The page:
When you open up a new Finder window, at least in OS X 10.8 Mountain Lion, you’ll see a snapshot of all the files on your Mac. Apple calls this view, “All My Files,” and it’s a good way to just see what you have on your Mac.
It’s also an annoying view if you’re looking for stuff on your Desktop or Documents. If you want to change the default view for any new Finder windows, here’s how.
There’s a lot to be said for organizing your photos into folders in the Finder. In fact, if you’re using an app like Lightroom to organize your photos, then you’re already doing this, albeit with a super-helpful cataloging and editing application laid on top.
But you need some sort of organization, right? And that’s where the amazing Dr. Drang comes in, with a couple of shell scripts do the work for you.
The OS X Finder is an amazing thing, letting you create folder within folder, duplicate files, find your documents, and generally get stuff done. More and more, the Finder features are being integrated across all apps and documents on your Mac.
Case in point is the ability to find the directory path of a document from the document’s title bar, as well as being able to (since Mountain Lion, anyway) rename your documents in the title bar as well. All of this is thanks to the proxy icon, which Apple defines as: “An icon in the title bar of a document window that users can manipulate as if they were manipulating the corresponding file-system object.”
With all the excitement over the recent release of Apple’s mobile operating system, iOS 7, it’s easy to forget that the Cupertino-based company has another OS in the works, OS X Mavericks Beta. Currently at version 8 of the Developer Preview, or beta, OS X Mavericks continues to quietly update in the background, with more refinements over time.
One of these improvements is the ability to delete tags from the sidebar. As you may recall, we showed you how to add and modify tags to the list in the Finder sidebar, as well as how to drag and drop files to tag them.
It turns out, though, that now you can actually delete tags as well, completing the tag circle of life. Here’s how.
When you drag a bunch of items into a folder in the Finder on your Mac and some of the items in there have the same name, your Mac will ask you if you want to replace the items in the folder you’re dragging to. This is all well and good when you’re trying to do just that, but what about when you want to merge the files from the first folder to the second?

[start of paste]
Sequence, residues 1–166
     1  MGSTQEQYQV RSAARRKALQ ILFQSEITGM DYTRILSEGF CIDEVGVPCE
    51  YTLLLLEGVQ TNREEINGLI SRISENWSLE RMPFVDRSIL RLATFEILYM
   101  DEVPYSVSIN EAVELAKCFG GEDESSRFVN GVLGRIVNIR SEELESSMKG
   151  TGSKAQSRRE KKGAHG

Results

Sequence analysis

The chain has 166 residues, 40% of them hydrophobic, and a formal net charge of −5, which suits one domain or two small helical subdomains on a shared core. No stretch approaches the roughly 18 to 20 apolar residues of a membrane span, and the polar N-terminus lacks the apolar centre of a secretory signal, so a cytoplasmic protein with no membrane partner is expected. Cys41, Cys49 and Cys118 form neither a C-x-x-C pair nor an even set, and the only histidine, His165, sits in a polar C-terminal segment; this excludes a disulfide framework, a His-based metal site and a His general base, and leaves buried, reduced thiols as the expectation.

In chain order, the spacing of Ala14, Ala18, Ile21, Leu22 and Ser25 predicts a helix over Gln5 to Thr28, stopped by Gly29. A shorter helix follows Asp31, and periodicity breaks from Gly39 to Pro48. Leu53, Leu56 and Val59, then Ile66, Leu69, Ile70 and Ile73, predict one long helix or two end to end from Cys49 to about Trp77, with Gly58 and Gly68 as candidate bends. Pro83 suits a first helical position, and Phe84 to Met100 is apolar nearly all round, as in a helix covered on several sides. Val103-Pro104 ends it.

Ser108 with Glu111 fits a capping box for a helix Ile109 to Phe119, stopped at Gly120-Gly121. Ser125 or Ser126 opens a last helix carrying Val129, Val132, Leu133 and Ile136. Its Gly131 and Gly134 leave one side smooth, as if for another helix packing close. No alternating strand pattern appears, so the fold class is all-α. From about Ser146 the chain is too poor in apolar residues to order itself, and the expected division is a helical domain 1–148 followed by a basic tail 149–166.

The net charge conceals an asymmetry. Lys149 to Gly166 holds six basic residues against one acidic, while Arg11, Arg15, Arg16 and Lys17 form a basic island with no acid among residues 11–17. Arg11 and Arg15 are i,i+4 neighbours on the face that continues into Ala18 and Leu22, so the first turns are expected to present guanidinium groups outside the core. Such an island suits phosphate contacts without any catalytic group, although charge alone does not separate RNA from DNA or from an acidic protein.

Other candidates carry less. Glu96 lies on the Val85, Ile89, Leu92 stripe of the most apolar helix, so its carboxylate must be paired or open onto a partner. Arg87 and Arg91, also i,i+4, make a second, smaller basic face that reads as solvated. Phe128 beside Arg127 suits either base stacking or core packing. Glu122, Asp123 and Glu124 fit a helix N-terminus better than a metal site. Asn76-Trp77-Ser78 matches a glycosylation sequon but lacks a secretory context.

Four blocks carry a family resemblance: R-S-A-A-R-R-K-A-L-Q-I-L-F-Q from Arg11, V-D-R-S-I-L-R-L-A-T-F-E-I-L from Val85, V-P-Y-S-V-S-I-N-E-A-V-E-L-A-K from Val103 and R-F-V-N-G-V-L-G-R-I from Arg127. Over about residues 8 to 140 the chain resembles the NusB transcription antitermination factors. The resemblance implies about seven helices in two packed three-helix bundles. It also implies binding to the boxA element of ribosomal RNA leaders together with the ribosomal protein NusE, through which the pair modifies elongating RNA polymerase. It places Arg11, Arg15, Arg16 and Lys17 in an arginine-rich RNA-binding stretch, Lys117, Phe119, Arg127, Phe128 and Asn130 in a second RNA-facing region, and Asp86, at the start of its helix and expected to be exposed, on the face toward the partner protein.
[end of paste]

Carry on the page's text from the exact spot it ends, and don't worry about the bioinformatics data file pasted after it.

Ever end up with a lot of Finder windows floating around your Mac screen? In previous versions of Mac OS X, the choice was to close them all with a keyboard shortcut, Option-Command-W, which will end all your Finder suffering in one short tap.
In Mavericks beta, that still works. Yet Apple has also added another way to deal with multiple Finder windows: merging them. Here’s how.
I don’t know about you all, but I’ve been getting stuff into a new folder in the Finder the same way as I always have, just like I did way back in OS 7, OS 8, OS 9, and even ten years ago in OS X.
I make a new folder in the Finder using Shift-Command-N, or by selecting New Folder from the Finder menu, then Command- or Shift-click all the files I want to put into that folder, and drag them all over. I’ve heard you can even copy and paste files into a new folder the same way, but I’m kind of old school and don’t mess with that.
Today, though, I read about a totally different way to do this. Color me surprised (and a bit chagrined) to find out that there’s an easier way to put a bunch of items into a new folder in the Finder.
The Finder in Mac OS X is specifically designed to help you find stuff. In any Finder Window, you can arrange the icons or lists of files alphabetically by Name, by Kind of file, by the Application that opens that file, by Date Last Opened, Added, Modified, or Created, and also by Size and by Label.
In list view, you can also click on the top column title to sort the list in ascending or descending order. It’s a pretty comprehensive way to find your stuff in the Finder, without even having to search for it.
Did you know, however, that you can also arrange Applications by application type (Productivity, Social Networking, Music, Video, and so on)? I didn’t, so here’s a tip on how to do just that.
In OS X, all file types have a default application that opens when you double click on them. If you double click on a PDF file or a PNG file, chances are that your Mac will open it in Preview, Apple’s default PDF and image file app. If you’ve given an app like Adobe Reader, for example, permission to set itself as the default PDF app, then all PDFs will open in Reader.
Over time, you may have set apps as default that you no longer want to open your files. Conversely, you might want all JPG files to open in Preview, except one specific JPG file, which you’d like to open in Photoshop. Here’s how to make both of these situations work for you.